Naturally, not all public policy measures will result in a treaty breach and an ensuing payment of compensation. Tribunals have long recognised that host-states have an inherent (and valid) right to regulate in protection of the public interest when enacting bona fide, non-discriminatory and proportionate regulations in accordance with due process (the Police Powers Doctrine).
By way of illustration, in Global Telecom Holding (GTH) v. Canada, the tribunal scrutinised a change in Canada’s telecom regulations by way of a ‘2013 Transfer Framework’ policy whereby Industry Canada, Canada’s government agency for trade and the economy, would conduct reviews of licence transfers so as to prevent the concentration of spectrum (i.e., the accumulation of the amount of spectrum held by a single market player) and ensure ‘the efficiency and competitiveness’ of the Canadian telecommunications market. Indeed, the issue of spectrum concentration – often referred to, somewhat pejoratively, as ‘hoarding’ – has been a live one in several jurisdictions. GTH sought to challenge that change, which it alleged had the effect of preventing it from selling its subsidiary, Wind Mobile, to an incumbent, as being in breach of the Canada–Egypt BIT’s fair and equitable treatment (FET) standard. The tribunal disagreed. Noting that ‘the rising use of smartphones . . . made it critical for the government to control spectrum concentration’, the tribunal held that, absent specific commitments vis-à-vis the investor, ‘a change in that framework to reflect  market evolution that is not arbitrary or aimed to harm the investor is not a breach of the FET standard’. While Canada successfully argued that international law gives host-states a high level of deference with respect to domestic policy choices and the balancing of public interest and individual rights, the key in GTH is that the investor was not facing a host-state measure that was targeting it specifically; rather, it was impugning the legitimacy of a policy measure of general application, which was found to have been adopted in a manner that was consistent with the BIT.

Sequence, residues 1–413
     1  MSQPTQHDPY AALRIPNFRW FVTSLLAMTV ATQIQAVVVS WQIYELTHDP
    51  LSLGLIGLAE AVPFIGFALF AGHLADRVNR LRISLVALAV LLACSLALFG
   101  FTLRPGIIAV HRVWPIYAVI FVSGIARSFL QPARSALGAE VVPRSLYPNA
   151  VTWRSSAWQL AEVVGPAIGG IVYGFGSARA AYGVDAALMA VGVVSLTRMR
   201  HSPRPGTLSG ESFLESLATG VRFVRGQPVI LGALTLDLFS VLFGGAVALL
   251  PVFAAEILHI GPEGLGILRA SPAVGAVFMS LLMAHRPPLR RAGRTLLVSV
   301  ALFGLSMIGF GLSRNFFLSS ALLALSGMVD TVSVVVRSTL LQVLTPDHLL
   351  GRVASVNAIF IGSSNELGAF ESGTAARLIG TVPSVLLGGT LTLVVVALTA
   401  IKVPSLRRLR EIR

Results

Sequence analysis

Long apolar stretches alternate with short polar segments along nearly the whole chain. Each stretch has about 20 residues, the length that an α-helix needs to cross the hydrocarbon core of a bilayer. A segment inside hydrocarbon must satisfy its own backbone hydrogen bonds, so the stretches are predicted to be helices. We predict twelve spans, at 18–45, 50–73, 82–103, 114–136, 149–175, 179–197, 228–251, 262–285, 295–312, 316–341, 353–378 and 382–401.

In a similar vein, America Móvil failed in its US$1.2 billion expropriation claim against Colombia under the Colombia–Mexico Free Trade Agreement. America Móvil notably sought to impugn the Constitutional Court’s interpretation of Law 1341 of 2009, including its alleged expropriatory effect on its investments in Colombian operator, Comcel. Under this legislation, the state sought to change the then prevailing regime pursuant to which concessionaires would be required, at the term of their concession, to relinquish both assigned spectrum as well as all telecommunications assets (as set out in the Reversion Clause of Comcel’s relevant concessions). Under the new regime, concessionaires would be required instead to relinquish the assigned spectrum only. In a 2014 judgment, the Constitutional Court held that Law 1341 of 2009 was constitutional; however, the Reversion Clauses of concessions predating that Law must be respected, meaning that, at the term of its concessions, Comcel had to relinquish both its assigned spectrum and telecommunications assets. While the Court acknowledged that the state may modify the terms of concessions to serve the public interest, it held that there was no such interest in allowing the retroactive application of Law 1341 of 2009 so as to amend the Reversion Clauses of prior concessions, including Comcel’s. The tribunal’s majority found that, on matters of interpretation of municipal law such as this one, it is bound by the judgments of municipal courts unless these are (1) the product of a procedural or substantive denial of justice, or (2) clearly incompatible with international law, resulting in ‘a direct violation of an international rule’. On that basis, the majority concluded that, as a matter of Colombian law, Comcel did not have a right to the non-Reversion of its assets, thus dismissing America Móvil’s claim for expropriation.